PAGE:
Put simply, private attorneys are ethically bound to represent the interests of their clients, not the public. Private attorneys owe clients broad and far-reaching duties of loyalty, confidentiality, and zealous representation. It is plainly unreasonable to expect a lawyer representing a client that planned and coordinated the response to the events of August to publicly deliver an independent assessment of those events. Moreover, any report will be reviewed by a city manager and council unlikely to waive confidentiality if doing so casts them or the Charlottesville in a negative light.

In addition, the state has denied access to key information, attaching priority to its own investigation. Law enforcement agencies have had no obligation to cooperate, and other parties are unlikely to voluntarily disclose adverse information. Other actors have even sought to establish investigative bodies of their own. This piecemeal approach is not only unhelpful, it frustrates objective assessment and the public accountability that comes with it.

The poignancy of August will not diminish over time, but the clarity of these events inevitably will. To ensure transparency and timely accountability, Virginia’s governor and General Assembly should authorize a balanced panel of respected, bipartisan professionals to assess the official preparation and response to these events. Panel members should be free of professional bias, personal interest, and future political aspiration.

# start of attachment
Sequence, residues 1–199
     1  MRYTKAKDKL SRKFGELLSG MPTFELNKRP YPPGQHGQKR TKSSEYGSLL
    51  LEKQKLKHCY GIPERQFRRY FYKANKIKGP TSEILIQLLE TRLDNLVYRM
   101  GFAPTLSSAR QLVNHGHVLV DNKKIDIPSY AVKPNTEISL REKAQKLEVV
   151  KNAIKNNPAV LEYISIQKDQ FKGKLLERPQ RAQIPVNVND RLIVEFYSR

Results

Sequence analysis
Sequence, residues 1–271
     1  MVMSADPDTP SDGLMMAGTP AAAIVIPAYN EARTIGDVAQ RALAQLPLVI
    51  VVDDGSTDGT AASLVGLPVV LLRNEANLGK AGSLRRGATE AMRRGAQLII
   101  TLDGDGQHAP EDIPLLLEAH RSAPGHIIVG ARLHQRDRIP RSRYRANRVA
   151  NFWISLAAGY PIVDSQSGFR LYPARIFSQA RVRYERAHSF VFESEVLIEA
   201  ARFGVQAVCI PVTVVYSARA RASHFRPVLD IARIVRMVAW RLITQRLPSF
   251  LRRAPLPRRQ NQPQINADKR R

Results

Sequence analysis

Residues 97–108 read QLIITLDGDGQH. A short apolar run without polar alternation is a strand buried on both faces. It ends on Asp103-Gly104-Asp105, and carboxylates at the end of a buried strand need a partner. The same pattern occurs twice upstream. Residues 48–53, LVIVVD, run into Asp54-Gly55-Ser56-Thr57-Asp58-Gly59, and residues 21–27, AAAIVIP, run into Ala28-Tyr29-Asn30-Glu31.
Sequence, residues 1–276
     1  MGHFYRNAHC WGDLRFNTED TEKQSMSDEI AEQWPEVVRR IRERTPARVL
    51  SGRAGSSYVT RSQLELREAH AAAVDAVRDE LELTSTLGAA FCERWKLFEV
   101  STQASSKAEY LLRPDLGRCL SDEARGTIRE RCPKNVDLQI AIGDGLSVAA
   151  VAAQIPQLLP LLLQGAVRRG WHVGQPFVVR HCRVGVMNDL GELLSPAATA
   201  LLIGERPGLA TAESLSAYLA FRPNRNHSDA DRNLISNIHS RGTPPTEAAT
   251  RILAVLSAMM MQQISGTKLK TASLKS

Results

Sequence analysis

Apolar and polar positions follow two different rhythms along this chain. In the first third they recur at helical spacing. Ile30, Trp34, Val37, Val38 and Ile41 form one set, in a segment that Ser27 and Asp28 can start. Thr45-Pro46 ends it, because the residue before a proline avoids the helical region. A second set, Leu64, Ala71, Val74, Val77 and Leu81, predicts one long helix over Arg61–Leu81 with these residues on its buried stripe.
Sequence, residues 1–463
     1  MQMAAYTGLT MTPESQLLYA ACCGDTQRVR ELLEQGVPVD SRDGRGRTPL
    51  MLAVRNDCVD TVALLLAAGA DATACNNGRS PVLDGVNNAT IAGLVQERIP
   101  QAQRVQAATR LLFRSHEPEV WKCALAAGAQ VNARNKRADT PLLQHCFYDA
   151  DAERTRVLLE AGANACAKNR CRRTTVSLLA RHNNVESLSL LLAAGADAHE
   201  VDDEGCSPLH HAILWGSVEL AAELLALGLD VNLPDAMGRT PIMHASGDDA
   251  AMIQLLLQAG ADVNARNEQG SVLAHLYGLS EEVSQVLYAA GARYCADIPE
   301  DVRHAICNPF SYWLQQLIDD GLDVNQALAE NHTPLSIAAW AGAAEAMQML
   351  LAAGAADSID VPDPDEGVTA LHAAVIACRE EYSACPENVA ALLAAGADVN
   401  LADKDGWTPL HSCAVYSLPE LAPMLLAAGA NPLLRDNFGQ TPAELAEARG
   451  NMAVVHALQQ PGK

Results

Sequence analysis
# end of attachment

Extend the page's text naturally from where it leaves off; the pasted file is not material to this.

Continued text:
Of crucial importance, the panel should be vested with legal authority and compulsory process, including subpoena power, access to information, compelling witness statements under oath, and other tools essential to rendering a comprehensive and credible report to the public. The composition of the 911 Commission — and the quality of its findings — may serve as a potential model for a Virginia panel.

We must never allow ourselves to be defined by those whose beliefs are anathema to who we are. What the world saw this summer was neither Charlottesville nor Virginia. And it was not America. America is about faith, freedom, equality, unity, and justice. Few tasks can more urgently uphold our values, and honor the memory of those who died in our city, than the creation of a truly independent bipartisan panel to find out what went wrong — and why. Charlottesville, and America, deserve no less.

Robert Tracci is the Albemarle County commonwealth’s attorney. He previously served as special assistant U.S. attorney, deputy assistant attorney general and chief legislative counsel and parliamentarian to the U.S. House Judiciary Committee.

The Rev. Alvin Edwards is pastor at Mt. Zion First African Baptist Church in Charlottesville. He established the Charlottesville Clergy Collective, whose mission is to establish, develop and promote racial unity within the faith leadership of the Charlottesville-Albemarle region. Edwards is a former Charlottesville city councilor and former member of the Charlottesville School Board. He served as Charlottesville’s mayor from 1990 to 1992.